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New Jersey Attorney General: More Than 3,000 Cited For Distracted Driving So Far In April

Gabriel Hurley lost his vision and sense of smell after getting into a wreck with a distracted driver. (Monica Miller/WCBS 880)

Gabriel Hurley lost his vision and sense of smell after getting into a wreck with a distracted driver. (Monica Miller/WCBS 880)

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PARAMUS, N.J. (CBSNewYork) — New Jersey’s top law enforcement official says he’s determined to end the deadly trend of distracted driving.

John Hoffman, the state’s acting attorney general, said Monday that about 1.5 million crashes over the past decade have been caused by distracted drivers, resulting in 1,600 deaths.

“Distracted driving is, simply put, killing New Jerseyans,” Hoffman told reporters, including WCBS 880’s Monica Miller.

Sixty police departments in the state have been cracking down on distracted drivers in April as part of the “U Drive, U Text, U Pay” campaign.
At the midway point of the campaign, those agencies have issued more than 3,000 summonses, Hoffman said.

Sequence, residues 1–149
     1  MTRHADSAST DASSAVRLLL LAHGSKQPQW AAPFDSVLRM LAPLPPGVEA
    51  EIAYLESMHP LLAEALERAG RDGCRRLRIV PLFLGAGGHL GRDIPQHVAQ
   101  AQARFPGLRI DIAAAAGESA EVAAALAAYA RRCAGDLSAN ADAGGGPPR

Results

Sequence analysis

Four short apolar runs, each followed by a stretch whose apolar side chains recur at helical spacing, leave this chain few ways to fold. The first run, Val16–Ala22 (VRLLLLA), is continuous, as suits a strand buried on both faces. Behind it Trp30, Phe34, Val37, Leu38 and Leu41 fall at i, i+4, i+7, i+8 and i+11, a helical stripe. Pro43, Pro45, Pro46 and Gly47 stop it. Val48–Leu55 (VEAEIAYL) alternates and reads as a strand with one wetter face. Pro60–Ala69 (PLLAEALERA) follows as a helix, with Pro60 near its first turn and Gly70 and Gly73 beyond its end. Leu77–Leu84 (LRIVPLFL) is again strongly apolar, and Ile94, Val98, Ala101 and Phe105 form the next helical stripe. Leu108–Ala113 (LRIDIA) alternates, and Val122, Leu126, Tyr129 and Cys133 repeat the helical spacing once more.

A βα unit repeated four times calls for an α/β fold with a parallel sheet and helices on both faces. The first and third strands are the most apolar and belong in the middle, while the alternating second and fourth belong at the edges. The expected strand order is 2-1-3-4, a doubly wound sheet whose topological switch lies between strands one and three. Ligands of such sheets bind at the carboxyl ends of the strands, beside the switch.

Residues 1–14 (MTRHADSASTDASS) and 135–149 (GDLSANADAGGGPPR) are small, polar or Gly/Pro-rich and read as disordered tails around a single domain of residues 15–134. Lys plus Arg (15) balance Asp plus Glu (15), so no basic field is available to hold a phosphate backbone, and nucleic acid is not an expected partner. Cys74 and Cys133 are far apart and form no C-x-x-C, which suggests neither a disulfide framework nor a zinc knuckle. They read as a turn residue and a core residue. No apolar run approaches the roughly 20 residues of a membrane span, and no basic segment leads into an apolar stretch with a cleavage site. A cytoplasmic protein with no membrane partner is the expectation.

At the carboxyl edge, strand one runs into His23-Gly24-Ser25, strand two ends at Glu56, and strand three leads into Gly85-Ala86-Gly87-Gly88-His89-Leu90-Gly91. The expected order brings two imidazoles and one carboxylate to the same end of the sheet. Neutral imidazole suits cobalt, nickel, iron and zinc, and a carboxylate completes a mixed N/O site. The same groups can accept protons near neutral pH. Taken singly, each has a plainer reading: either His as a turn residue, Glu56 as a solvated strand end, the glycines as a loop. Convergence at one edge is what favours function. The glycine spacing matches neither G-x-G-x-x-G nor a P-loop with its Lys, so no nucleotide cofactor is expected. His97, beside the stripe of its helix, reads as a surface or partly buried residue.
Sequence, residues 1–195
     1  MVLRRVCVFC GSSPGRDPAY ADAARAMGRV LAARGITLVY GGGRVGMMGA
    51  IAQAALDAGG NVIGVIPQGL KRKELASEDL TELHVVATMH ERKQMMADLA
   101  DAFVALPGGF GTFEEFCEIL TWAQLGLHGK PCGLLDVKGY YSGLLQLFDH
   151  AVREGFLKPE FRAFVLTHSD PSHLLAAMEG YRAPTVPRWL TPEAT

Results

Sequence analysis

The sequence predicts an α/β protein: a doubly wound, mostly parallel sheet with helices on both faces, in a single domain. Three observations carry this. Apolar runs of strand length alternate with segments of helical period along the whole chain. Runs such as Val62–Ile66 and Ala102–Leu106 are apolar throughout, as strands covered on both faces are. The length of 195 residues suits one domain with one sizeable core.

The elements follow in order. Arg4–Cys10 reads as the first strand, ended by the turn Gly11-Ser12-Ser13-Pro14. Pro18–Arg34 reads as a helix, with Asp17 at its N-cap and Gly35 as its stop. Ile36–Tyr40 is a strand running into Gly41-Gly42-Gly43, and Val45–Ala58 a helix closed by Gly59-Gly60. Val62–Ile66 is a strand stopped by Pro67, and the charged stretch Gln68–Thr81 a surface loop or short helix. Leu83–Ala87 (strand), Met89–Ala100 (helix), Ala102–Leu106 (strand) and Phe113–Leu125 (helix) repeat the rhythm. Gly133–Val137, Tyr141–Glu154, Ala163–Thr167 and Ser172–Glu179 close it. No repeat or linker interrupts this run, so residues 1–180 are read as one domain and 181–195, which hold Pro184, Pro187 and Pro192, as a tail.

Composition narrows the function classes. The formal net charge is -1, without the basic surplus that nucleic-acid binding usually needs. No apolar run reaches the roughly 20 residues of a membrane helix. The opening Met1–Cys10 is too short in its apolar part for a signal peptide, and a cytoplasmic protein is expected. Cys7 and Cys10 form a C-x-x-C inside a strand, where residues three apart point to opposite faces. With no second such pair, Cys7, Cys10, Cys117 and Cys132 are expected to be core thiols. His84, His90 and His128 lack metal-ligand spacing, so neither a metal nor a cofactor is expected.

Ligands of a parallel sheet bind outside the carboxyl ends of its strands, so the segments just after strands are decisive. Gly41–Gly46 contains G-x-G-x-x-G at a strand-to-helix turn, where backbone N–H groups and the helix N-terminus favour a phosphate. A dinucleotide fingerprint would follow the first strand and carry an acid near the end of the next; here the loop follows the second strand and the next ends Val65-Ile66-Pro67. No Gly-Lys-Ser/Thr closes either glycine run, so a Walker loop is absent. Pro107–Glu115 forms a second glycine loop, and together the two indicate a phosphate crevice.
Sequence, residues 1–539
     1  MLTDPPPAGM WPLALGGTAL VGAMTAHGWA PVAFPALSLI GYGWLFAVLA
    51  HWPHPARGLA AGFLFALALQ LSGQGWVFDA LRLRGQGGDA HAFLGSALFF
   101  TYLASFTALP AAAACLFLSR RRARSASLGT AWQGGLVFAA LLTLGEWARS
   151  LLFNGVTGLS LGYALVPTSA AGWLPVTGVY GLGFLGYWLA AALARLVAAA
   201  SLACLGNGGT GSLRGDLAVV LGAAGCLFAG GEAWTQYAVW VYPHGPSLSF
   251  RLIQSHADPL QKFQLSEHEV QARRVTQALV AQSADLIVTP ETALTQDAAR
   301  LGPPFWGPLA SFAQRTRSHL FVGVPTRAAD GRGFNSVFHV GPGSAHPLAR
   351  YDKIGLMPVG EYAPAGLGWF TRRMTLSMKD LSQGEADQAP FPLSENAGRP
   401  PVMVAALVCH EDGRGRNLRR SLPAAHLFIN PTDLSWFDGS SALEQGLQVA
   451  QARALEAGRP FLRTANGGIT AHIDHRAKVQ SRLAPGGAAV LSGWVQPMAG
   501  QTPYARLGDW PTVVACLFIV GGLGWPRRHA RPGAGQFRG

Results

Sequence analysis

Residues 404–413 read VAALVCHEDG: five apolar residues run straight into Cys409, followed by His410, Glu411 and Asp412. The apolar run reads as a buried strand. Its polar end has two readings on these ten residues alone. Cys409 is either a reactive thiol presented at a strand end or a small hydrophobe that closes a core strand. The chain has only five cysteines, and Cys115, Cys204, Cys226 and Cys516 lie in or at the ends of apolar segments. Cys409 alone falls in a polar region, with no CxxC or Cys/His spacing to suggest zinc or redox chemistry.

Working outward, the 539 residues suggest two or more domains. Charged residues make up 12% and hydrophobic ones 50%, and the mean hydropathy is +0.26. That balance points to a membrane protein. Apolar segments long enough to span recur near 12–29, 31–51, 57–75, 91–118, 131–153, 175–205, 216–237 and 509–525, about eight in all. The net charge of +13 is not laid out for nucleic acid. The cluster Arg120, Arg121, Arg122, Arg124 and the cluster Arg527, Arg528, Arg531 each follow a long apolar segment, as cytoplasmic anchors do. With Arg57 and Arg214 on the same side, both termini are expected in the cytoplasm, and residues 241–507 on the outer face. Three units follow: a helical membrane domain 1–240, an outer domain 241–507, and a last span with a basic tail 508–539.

Gabriel Hurley is one of the victims of distracted driving. Just after graduating from Rutgers and getting his first job, he got into a wreck with a distracted driver and lost his sight and sense of smell.

“One small mundane error to turn left instead of right altered my life in ways I never thought imaginable,” he said.

“Do you consider what happened to me to be an accident? Because I don’t. An accident sounds like something unavoidable and deflects blame. This was caused due to the inattentive driving of a teenager.”

While weeks-long crackdowns are typically reserved for serious infractions such as driving while intoxicated and seat belt violations, police point to frightening statistics that show distracted driving is responsible for killing on average one New Jersey motorist every two days.

Beginning July 1, fines jump from $100 to anywhere between $200 and $400 for talking or texting, and those fines increase with subsequent convictions.

April is National Distracted Driving Month.

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